An Egyptian court has overturned a decision to name Hamas as a terrorist organisation after months of increasing hostility towards the blockaded rulers of the Gaza Strip.
The country’s Urgent Matters Appeals Court cited a lack of jurisdiction as the reason for annulling the earlier court’s ruling.
Sami Abu Zuhri, Hamas’ spokesman in Gaza, welcomed the ruling, saying it would have “positive consequences on the relationship between Hamas and Egypt”.
Egypt initially declared the group a terrorist organisation in February. That ruling further isolated Hamas, which once found open support under Egypt’s toppled Islamist president Mohammed Morsi.
Egypt’s new government recently has begun clearing a buffer zone along its border with the Gaza Strip in an attempt to destroy a cross-border network of tunnels that Hamas considers a lifeline.
In recent months Egypt has appeared increasingly hostile to Hamas, which it has blamed for violence in the country’s restive Sinai Peninsula.
The secretive movement, founded in Gaza in 1987 as an offshoot of the region’sEgyptian-originated Muslim Brotherhood, faces a growing cash crisis and has yet to lay out a strategy to extract Gaza from its increasingly dire situation.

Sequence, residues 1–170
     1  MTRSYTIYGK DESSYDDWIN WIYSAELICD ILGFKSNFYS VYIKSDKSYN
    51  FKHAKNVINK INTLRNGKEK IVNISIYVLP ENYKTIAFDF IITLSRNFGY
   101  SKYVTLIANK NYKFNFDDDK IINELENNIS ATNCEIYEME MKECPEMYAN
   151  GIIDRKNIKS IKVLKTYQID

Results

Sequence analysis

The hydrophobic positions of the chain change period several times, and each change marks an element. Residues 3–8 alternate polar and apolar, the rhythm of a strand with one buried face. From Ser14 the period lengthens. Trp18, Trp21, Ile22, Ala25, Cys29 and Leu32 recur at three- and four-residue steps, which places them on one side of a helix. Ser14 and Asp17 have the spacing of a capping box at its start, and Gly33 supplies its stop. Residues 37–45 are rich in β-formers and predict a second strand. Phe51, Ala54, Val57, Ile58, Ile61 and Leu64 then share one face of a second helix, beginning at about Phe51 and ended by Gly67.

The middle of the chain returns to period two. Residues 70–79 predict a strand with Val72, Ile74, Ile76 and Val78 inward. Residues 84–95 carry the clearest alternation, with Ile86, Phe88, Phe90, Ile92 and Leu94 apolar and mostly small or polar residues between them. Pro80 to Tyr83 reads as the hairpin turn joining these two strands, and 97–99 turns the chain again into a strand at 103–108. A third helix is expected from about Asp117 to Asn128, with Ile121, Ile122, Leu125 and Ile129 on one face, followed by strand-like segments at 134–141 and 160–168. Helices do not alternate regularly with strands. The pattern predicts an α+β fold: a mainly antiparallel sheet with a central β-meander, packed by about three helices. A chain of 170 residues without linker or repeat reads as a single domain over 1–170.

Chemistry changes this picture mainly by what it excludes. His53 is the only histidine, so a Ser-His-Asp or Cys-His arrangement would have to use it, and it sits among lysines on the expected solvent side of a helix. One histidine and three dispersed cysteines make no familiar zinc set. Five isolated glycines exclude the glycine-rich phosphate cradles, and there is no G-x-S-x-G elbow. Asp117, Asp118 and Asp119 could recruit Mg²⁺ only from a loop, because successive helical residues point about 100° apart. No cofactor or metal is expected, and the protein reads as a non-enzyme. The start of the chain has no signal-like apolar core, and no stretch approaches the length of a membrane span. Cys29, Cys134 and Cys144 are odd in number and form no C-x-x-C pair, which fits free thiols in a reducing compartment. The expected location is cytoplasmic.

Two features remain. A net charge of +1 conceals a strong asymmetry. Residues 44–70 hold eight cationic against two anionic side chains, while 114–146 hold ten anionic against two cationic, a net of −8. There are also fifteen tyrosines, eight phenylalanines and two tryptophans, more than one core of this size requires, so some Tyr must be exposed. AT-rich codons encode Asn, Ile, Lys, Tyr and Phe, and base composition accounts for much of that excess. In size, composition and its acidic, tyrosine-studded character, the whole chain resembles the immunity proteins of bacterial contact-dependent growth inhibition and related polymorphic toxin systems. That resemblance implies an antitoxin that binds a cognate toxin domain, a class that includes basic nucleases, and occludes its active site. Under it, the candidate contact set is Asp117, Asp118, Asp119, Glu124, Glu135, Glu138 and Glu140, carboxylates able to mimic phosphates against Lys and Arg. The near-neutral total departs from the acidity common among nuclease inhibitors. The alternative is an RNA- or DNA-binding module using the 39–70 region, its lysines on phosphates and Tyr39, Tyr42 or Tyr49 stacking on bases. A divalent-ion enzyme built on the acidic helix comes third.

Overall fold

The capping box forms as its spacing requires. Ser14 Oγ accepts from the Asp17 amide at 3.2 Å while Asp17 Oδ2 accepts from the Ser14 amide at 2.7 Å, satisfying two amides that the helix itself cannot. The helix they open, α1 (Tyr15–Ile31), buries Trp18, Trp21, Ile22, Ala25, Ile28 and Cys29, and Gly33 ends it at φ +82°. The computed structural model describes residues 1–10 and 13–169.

There was no immediate government reaction to the court’s decision.
An Egyptian court banned Hamas’ military wing, the Izzedine al-Qassam Brigades, and designated it a terrorist organisation in January.
In 2014, a similar ruling in the same court banned all Hamas activities in Egypt and ordered the closure of any Hamas offices, though the order apparently was never carried out.
It was not immediately clear how – or if – Saturday’s ruling would affect those previous decisions.